Can Vaccines be Allocated on Antiracist Terms?
There is no question that COVID-19 has disproportionately affected nonwhite communities. And “vaccine sovereignty” – the idea, embraced by the US and Europe, that individual governments should use public funding to obtain priority access to potential vaccines – could keep it that way.
NEW YORK – A safe and effective vaccine could play a significant role in mitigating the COVID-19 pandemic. Yet, even if such a vaccine is found, it is highly unlikely that a sufficient number of doses could be produced in the next 2-3 years to ensure equitable access for everyone. So, when a COVID-19 vaccine becomes available, who should get it first?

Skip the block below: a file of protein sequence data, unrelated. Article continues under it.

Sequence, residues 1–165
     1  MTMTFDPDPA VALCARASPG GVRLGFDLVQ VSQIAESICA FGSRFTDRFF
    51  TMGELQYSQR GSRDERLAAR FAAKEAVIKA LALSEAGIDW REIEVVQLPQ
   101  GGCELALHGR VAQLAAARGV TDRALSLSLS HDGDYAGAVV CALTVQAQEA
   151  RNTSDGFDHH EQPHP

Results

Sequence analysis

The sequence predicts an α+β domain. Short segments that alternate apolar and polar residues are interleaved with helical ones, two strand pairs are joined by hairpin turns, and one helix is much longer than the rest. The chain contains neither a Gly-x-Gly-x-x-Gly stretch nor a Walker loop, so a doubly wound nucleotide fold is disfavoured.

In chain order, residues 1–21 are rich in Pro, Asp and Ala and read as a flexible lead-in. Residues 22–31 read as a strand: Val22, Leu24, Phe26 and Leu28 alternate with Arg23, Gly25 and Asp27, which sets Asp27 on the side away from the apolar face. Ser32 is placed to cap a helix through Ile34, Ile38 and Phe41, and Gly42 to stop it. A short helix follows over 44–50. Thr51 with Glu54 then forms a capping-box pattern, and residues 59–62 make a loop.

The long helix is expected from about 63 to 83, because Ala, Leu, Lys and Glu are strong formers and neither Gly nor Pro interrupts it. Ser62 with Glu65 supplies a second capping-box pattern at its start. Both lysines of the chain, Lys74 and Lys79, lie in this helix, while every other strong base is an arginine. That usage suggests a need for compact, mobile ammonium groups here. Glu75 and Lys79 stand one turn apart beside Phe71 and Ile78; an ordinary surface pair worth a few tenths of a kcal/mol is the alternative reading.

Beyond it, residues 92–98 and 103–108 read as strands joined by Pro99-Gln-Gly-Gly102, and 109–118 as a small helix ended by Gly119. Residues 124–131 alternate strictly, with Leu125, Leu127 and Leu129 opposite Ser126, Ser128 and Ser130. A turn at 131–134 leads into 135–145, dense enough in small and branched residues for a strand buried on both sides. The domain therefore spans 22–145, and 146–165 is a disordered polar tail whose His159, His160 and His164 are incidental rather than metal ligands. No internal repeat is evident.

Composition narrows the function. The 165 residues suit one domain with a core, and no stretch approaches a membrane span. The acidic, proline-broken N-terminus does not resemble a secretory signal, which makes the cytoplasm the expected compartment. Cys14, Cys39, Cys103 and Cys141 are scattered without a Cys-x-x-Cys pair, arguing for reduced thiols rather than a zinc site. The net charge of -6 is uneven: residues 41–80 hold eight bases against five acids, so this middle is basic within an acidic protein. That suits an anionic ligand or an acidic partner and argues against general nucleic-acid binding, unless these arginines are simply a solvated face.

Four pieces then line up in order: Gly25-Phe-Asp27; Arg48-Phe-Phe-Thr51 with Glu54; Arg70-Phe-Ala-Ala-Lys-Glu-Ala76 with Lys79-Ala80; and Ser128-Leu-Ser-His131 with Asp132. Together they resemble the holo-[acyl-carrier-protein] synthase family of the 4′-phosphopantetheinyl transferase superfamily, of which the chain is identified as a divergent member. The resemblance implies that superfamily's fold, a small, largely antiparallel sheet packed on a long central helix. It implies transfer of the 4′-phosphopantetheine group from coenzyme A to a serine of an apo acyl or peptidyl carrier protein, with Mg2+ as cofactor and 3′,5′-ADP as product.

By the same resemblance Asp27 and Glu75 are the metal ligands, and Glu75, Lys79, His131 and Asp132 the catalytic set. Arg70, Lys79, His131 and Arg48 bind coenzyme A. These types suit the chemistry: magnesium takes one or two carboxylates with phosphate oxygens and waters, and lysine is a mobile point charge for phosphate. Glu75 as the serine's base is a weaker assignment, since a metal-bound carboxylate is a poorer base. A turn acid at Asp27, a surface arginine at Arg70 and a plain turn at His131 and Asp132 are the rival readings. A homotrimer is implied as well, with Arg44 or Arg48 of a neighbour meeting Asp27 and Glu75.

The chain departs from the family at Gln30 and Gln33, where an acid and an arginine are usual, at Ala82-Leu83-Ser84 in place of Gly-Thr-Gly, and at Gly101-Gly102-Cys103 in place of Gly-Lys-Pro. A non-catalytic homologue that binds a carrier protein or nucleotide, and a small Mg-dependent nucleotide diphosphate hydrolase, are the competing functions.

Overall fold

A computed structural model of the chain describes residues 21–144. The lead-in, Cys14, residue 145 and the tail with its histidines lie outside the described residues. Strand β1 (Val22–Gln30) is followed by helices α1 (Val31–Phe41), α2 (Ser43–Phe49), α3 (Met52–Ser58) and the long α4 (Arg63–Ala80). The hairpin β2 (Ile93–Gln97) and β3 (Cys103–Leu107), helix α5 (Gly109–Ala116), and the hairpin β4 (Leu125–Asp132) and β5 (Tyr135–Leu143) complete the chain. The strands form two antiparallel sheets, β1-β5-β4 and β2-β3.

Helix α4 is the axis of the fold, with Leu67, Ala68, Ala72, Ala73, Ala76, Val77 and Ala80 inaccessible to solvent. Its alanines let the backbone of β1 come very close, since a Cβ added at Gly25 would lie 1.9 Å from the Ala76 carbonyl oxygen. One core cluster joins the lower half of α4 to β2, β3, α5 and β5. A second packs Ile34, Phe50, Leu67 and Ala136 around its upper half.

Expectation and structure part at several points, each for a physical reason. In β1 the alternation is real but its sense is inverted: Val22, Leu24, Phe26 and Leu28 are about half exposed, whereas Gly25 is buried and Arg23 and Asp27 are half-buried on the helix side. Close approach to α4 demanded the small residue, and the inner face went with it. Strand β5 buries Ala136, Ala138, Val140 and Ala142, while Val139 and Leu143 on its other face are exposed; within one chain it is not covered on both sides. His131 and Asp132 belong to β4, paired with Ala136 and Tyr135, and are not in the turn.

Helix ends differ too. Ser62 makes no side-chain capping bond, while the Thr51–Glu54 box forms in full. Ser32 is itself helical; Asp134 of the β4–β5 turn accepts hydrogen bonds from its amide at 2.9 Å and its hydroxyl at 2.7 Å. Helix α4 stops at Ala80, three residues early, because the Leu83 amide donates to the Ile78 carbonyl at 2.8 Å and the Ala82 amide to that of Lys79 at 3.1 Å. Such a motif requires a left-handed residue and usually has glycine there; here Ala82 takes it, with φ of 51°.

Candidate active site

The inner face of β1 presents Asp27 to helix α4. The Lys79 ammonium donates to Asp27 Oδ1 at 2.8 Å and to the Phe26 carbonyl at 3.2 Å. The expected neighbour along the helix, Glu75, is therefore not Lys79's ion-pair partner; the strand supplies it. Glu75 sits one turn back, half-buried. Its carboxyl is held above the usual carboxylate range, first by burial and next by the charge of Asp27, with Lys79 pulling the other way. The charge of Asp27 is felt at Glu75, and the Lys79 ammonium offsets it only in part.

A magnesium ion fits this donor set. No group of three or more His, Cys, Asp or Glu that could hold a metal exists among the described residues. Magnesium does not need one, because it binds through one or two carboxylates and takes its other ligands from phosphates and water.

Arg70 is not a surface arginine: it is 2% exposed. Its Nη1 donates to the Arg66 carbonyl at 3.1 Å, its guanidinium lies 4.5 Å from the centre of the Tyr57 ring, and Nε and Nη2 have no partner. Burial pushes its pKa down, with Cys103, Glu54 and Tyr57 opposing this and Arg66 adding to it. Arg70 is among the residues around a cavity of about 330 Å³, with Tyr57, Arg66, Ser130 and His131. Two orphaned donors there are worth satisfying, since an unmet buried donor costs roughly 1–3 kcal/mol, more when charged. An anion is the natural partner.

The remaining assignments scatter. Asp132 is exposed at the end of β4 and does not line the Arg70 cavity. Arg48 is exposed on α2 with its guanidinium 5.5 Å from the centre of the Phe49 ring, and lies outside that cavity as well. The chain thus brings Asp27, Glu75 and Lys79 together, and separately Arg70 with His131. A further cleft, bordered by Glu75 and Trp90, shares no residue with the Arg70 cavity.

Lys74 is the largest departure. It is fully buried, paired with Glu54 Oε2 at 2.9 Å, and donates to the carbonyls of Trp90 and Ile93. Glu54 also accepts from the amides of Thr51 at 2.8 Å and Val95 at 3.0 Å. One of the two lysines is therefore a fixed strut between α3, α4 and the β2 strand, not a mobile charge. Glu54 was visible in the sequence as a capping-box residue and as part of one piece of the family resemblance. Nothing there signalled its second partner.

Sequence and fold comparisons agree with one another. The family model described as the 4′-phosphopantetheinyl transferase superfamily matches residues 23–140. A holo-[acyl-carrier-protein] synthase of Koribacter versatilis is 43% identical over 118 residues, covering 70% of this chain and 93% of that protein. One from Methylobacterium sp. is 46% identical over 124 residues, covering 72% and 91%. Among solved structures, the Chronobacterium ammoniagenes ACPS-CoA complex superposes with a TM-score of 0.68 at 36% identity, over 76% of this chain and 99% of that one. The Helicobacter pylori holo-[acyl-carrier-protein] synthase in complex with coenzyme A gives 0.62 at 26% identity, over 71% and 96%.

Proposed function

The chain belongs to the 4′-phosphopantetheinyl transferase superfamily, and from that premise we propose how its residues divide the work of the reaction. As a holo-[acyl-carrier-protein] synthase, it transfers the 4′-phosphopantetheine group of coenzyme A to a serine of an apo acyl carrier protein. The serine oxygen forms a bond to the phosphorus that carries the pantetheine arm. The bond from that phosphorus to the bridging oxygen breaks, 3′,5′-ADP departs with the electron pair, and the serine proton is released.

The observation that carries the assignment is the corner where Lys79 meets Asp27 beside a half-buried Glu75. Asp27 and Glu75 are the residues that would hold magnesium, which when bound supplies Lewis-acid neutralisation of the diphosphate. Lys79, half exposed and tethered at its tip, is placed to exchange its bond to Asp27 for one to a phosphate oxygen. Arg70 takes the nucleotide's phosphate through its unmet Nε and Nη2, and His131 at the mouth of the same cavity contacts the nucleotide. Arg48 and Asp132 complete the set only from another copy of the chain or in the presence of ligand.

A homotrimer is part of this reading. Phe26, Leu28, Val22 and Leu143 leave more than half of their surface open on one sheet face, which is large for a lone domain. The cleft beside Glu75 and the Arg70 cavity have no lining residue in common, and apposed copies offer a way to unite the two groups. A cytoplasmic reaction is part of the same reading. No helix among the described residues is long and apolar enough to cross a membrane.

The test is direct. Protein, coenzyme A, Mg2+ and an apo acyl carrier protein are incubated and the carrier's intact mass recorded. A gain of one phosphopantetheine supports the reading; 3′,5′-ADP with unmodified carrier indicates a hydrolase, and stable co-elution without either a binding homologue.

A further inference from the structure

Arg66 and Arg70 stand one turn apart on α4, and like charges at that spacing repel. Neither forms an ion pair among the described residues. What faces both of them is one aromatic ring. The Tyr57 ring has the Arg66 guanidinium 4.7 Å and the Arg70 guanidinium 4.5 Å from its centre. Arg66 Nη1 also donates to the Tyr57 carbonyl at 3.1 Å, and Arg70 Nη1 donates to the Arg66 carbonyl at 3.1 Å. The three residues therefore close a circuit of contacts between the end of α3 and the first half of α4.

Most guidelines for allocating limited supplies of vaccines would put health-care workers at the front of the line. But there is little consensus about how a COVID-19 vaccine should be allocated beyond this group.
Guidelines for allocating vaccines during an influenza pandemic, released in 2018 by the US Centers for Disease Control and Prevention, would place certain national-security personnel at the top of the list, alongside health-care workers. This reflects the CDC’s pre-COVID-19 tendency to emphasize the securitization of health: an influenza vaccine, the guidelines state, should be allocated in a way that will “maintain national security, health care, and other essential community services.”